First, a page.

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An excerpt from www.HouseOfNames.com archives copyright 2000 - 2016


The name Severne has a long Anglo-Saxon heritage. The name comes from when a family lived in the county of Worcester. Severne is a topographic surname, which was given to a person who resided near a physical feature such as a hill, stream, church, or type of tree. During the Middle Ages, as society became more complex, individuals needed a way to be distinguishable from others. Toponymic surnames were developed as a result of this need. Various features in the landscape or area were used to distinguish people from one another. In this case the original bearers of the surname Severne were named due to their close proximity to the river Severn.

Severne Early Origins



The surname Severne was first found in Worcestershire where they held a family seat from early times and their first records appeared on the early census rolls taken by the early Kings of Britain to determine the rate of taxation of their subjects.

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Severne Spelling Variations


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Severne Spelling Variations



Spelling variations in names were a common occurrence before English spelling was standardized a few hundred years ago. In the Middle Ages, even the literate spelled their names differently as the English language incorporated elements of French, Latin, and other European languages. Many variations of the name Severne have been found, including Severne, Severn, Seven, Sevens, Severin, Seffern, Sefferin and many more.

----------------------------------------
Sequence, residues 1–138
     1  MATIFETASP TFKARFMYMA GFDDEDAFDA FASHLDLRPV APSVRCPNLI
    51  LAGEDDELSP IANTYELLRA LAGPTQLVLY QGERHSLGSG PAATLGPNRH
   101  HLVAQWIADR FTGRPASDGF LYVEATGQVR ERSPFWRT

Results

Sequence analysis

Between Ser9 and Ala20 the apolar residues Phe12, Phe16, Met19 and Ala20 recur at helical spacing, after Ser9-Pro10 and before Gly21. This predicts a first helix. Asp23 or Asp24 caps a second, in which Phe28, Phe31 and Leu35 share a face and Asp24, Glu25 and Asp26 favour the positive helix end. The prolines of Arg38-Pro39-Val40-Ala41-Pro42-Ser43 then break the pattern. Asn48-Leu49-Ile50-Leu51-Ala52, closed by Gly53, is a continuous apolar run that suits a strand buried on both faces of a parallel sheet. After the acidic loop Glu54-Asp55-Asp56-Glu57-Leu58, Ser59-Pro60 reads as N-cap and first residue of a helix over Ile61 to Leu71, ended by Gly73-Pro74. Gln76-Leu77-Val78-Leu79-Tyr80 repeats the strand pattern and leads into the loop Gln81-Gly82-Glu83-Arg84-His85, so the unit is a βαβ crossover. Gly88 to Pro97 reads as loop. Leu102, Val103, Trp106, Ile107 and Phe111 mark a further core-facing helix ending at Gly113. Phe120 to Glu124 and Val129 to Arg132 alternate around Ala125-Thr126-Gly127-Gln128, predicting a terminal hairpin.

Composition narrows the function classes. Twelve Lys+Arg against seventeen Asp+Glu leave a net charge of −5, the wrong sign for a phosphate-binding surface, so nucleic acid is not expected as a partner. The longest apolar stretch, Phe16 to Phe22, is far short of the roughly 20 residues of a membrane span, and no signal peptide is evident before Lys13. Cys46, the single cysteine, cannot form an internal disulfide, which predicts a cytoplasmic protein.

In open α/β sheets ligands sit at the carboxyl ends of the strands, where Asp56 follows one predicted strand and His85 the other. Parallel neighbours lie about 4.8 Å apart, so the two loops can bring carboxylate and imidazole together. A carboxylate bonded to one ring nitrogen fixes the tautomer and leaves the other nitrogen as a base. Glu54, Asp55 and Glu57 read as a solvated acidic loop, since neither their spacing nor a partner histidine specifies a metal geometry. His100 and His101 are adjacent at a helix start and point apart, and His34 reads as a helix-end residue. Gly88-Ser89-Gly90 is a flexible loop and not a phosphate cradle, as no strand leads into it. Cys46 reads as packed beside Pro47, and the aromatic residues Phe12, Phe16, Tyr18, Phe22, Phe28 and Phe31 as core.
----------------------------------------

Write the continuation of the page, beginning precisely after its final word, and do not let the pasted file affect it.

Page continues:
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Severne Early History


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Severne Early History



This web page shows only a small excerpt of our Severne research. Another 247 words (18 lines of text) covering the years 1300 and 1675 are included under the topic Early Severne History in all our PDF Extended History products and printed products wherever possible.

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Severne Early Notables (pre 1700)


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Severne Early Notables (pre 1700)



More information is included under the topic Early Severne Notables in all our PDF Extended History products and printed products wherever possible.

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The Great Migration


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The Great Migration



Families began migrating abroad in enormous numbers because of the political and religious discontent in England. Often faced with persecution and starvation in England, the possibilities of the New World attracted many English people. Although the ocean trips took many lives, those who did get to North America were instrumental in building the necessary groundwork for what would become for new powerful nations. Some of the first immigrants to cross the Atlantic and come to North America bore the name Severne, or a variant listed above:

Severne Settlers in United States in the 17th Century

  • Arthur Severne settled in Virginia in 1654
  • Amy Severne, who landed in Maryland in 1661